| 4:05 pm on Oct 2, 2006 (gmt 0)|
I'm curious if the images that were dropped were on pages that have gone supplemental. Happened on my site. Pages of widgets went supplemental and then when the big change hit, all of those widgets dropped from the image index.
| 10:53 pm on Oct 2, 2006 (gmt 0)|
I was thinking about that too...
What's the fastest way to research that?
| 1:55 am on Oct 3, 2006 (gmt 0)|
Here's a small sample. Google Images as percentage of referring search engines:
| 2:57 am on Oct 3, 2006 (gmt 0)|
I'm a little confused if the question is about indexed image files or indexed pages.
With that said, my number of indexed pages is running about right and was after I made some fixes to my site in mid August. My site's rankings in SERPs plunged on the July 27th update and then reemerged for about three phrases on August 17th. My site had a complete recovery in Google's search results with the Sept 15th update. All is now good and my plunge is just a nightmare that has passed.
| 3:36 am on Oct 3, 2006 (gmt 0)|
My original question was about indexed images...the subsequent questions about pages are due to the theory that _images_ that disappeared from the IMAGES index may have disappeared after the PAGES they were on were declared supplemental in the WEB index.
If that's the case, the new question becomes "How do you get your images reindexed?"
| 3:50 am on Oct 3, 2006 (gmt 0)|
By getting the pages that went supplemental back in the index or in the alternative putting the images on a new page or a page that is still in the index and not supplemental.
Some forms of supplemental issues seem to be cured by more inbound links in closer proximity to the page that went supplemental, some supplemental issues seem to be cured by making certain you have unique titles and descriptions, some supplemental issues appear to result from duplicated pages and respond to removing the cause of the dupplication.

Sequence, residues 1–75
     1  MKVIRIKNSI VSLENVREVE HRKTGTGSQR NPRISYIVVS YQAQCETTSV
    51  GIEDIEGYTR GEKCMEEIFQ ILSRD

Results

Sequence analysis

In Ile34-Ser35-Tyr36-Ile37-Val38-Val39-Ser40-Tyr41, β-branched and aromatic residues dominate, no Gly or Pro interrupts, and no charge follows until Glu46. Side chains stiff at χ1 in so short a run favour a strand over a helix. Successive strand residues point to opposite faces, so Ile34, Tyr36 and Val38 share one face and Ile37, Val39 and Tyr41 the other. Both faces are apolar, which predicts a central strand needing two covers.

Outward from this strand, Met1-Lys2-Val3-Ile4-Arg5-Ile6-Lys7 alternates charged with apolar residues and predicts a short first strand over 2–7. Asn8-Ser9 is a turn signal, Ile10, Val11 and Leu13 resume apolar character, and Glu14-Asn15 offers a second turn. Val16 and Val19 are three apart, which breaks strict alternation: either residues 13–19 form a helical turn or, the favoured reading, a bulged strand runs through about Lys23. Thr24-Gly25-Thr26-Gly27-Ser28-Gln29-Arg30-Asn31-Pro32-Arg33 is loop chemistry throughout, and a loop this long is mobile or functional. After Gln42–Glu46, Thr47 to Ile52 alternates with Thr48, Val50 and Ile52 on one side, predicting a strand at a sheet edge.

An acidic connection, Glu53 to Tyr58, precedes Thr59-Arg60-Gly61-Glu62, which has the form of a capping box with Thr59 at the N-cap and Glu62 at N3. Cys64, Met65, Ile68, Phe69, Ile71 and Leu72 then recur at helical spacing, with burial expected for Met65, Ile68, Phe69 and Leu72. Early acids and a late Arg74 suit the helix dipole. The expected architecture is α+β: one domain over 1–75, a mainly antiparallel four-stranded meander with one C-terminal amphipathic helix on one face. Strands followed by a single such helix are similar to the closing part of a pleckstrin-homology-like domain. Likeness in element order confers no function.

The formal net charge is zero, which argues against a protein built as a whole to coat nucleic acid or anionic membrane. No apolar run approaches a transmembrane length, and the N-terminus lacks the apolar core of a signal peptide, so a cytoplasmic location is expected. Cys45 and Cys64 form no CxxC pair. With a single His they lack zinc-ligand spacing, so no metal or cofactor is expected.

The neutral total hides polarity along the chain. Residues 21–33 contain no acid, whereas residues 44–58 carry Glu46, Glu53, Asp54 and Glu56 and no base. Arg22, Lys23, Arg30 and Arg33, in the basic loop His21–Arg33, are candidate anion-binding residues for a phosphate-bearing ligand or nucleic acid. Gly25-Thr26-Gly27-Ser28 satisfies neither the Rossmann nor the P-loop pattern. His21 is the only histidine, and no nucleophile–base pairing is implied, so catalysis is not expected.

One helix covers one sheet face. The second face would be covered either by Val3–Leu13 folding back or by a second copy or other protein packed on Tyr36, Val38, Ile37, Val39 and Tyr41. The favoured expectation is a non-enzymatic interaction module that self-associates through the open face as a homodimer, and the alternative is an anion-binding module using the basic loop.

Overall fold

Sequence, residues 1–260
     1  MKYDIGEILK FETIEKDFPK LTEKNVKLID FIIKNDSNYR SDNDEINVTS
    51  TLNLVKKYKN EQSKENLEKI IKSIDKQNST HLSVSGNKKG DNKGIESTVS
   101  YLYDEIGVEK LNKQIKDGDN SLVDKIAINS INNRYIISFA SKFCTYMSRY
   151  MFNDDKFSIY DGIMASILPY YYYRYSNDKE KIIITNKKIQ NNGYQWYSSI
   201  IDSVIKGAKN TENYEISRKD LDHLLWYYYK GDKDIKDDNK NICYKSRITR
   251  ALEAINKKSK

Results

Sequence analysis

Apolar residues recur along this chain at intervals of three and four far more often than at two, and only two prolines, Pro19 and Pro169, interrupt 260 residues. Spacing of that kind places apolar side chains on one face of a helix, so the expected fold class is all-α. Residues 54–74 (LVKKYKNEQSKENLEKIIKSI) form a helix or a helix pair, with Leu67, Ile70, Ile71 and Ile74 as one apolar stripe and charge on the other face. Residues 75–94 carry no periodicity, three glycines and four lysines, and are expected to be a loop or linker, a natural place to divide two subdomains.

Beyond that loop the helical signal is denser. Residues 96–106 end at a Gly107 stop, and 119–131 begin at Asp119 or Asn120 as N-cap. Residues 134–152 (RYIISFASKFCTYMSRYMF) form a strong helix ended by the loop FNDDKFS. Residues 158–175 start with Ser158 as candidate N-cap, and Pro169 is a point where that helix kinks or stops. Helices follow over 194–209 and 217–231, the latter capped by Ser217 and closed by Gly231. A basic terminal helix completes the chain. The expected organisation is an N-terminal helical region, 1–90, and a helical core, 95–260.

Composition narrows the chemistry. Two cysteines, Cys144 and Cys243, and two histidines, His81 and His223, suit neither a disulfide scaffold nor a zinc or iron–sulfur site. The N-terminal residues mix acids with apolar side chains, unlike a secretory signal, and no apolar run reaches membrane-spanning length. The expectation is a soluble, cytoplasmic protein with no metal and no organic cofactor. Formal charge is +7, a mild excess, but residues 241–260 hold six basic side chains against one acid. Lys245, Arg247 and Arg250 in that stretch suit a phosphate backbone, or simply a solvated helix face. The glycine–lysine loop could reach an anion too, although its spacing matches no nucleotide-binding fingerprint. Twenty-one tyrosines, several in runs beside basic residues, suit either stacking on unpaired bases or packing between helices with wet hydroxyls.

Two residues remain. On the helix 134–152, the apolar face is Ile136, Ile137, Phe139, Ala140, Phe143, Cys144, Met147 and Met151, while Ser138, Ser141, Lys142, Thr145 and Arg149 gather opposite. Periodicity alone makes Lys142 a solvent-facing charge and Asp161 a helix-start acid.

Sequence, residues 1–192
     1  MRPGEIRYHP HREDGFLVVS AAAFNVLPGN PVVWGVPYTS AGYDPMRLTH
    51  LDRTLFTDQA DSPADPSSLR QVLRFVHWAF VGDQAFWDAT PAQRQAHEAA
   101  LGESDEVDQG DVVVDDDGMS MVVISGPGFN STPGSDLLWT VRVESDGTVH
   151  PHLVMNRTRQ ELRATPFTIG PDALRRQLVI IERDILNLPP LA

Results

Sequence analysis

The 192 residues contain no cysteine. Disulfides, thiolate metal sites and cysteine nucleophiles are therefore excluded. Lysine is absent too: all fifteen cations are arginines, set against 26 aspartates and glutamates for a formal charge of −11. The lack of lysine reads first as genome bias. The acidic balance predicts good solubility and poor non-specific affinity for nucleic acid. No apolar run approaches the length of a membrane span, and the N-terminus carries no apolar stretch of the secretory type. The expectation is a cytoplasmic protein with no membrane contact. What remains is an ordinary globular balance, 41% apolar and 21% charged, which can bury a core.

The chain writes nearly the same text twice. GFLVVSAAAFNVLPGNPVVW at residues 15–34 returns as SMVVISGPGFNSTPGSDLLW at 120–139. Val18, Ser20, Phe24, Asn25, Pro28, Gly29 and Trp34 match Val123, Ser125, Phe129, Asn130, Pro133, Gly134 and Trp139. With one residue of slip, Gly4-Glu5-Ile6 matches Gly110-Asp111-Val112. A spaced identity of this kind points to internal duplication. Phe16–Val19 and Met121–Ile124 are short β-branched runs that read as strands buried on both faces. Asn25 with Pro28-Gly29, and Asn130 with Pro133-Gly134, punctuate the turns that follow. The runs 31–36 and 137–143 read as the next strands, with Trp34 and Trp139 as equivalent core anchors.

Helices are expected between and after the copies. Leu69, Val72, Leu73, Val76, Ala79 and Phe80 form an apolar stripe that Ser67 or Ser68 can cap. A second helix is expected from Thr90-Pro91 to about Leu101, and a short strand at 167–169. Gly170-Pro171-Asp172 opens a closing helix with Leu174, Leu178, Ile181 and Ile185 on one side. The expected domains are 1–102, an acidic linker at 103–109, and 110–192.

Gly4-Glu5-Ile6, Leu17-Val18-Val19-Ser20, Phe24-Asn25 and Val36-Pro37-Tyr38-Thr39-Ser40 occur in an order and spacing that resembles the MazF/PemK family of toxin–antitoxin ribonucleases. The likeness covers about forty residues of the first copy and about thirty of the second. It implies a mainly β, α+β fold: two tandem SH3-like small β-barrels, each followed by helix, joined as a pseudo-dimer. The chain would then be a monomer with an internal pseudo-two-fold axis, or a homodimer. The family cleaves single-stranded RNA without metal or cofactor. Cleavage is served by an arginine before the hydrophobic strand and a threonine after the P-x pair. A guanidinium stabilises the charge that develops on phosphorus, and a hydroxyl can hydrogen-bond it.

In short find what caused the pages the images were on to go supplemental and cure that defect.
[edited by: theBear at 3:53 am (utc) on Oct. 3, 2006]
| 5:18 am on Oct 3, 2006 (gmt 0)|
This is bit off the topic. I read today about the tragic incident of a gunman killing 3 in an Amish school ambush. Sad and makes it worse when innocent children are killed.
I decided to know more about the Amish community and while doing that did a Google image search for Amish. To my surprise I saw an image associated with Amish killing story dated 2nd October. Is it common for Google to update images so quick? Never knew that.
| 6:27 am on Oct 3, 2006 (gmt 0)|
I lost well over half my images, but none of the pages are supplemental and rank quite well. I'm seeing my newer images replacing the older ones. Most of my images G has now are less than a year old and the site is over 4 years, but I do update my images almost monthly.
| 6:31 am on Oct 3, 2006 (gmt 0)|
4430 images indexed from my main site. Seems there is no problem.
| 5:15 am on Oct 4, 2006 (gmt 0)|
After the big drop, I started tweaking my pages to prevent any duplicates.
E.g. a red carpet photo can be seen in the galleries section (all events), the gallery for the news coverage of that event and in the subject's profile gallery.
To combat the duplicates I have:
- added noindex to the news coverage and profile galleries so the main galleries section is the only one that can be indexed.
- where there are multiple photos of a person at the same event (e.g. "George Clooney at the 77th Academy Awards") I have added a slide number to the title tag to make them different.
The script that creates the image pages sends out a last modified date equal to the photo's shoot date. Should I change that to help the googlebot reindex?
Any other suggestions? Is it now just a matter of crossing my fingers and waiting for a new crawl?
| 1:14 pm on Oct 4, 2006 (gmt 0)|
Well in order to know a change has taken place they do have to see it ;).
Is your site being visited by Google on a regular basis and if so how often? Are other changes actually appearing in the index?
Remember to really look around a bit on locating duplicate stuff, it might not even be where you are looking but elsewhere.
In this quest Google search is your ticket.
| 2:09 pm on Oct 6, 2006 (gmt 0)|
Well, the only encouraging thing that has happened to my site is that the number of images indexed has jumped from 3 to 8. :-p
The results still suck, but the fact that *something* happened (albeit a little bit) is giving me some hope. The good thing about this is that at least the images are all from my site. In the previous search I did, two of the images were from hotlinkers (MySpacers!), not my actual web site.
So... I'm still crossing my fingers on this one.
| 3:09 am on Oct 7, 2006 (gmt 0)|
At least your hotlinkers disappeared. :-) Quite a few of my site:mysite results are for blogs and forums hotlinking.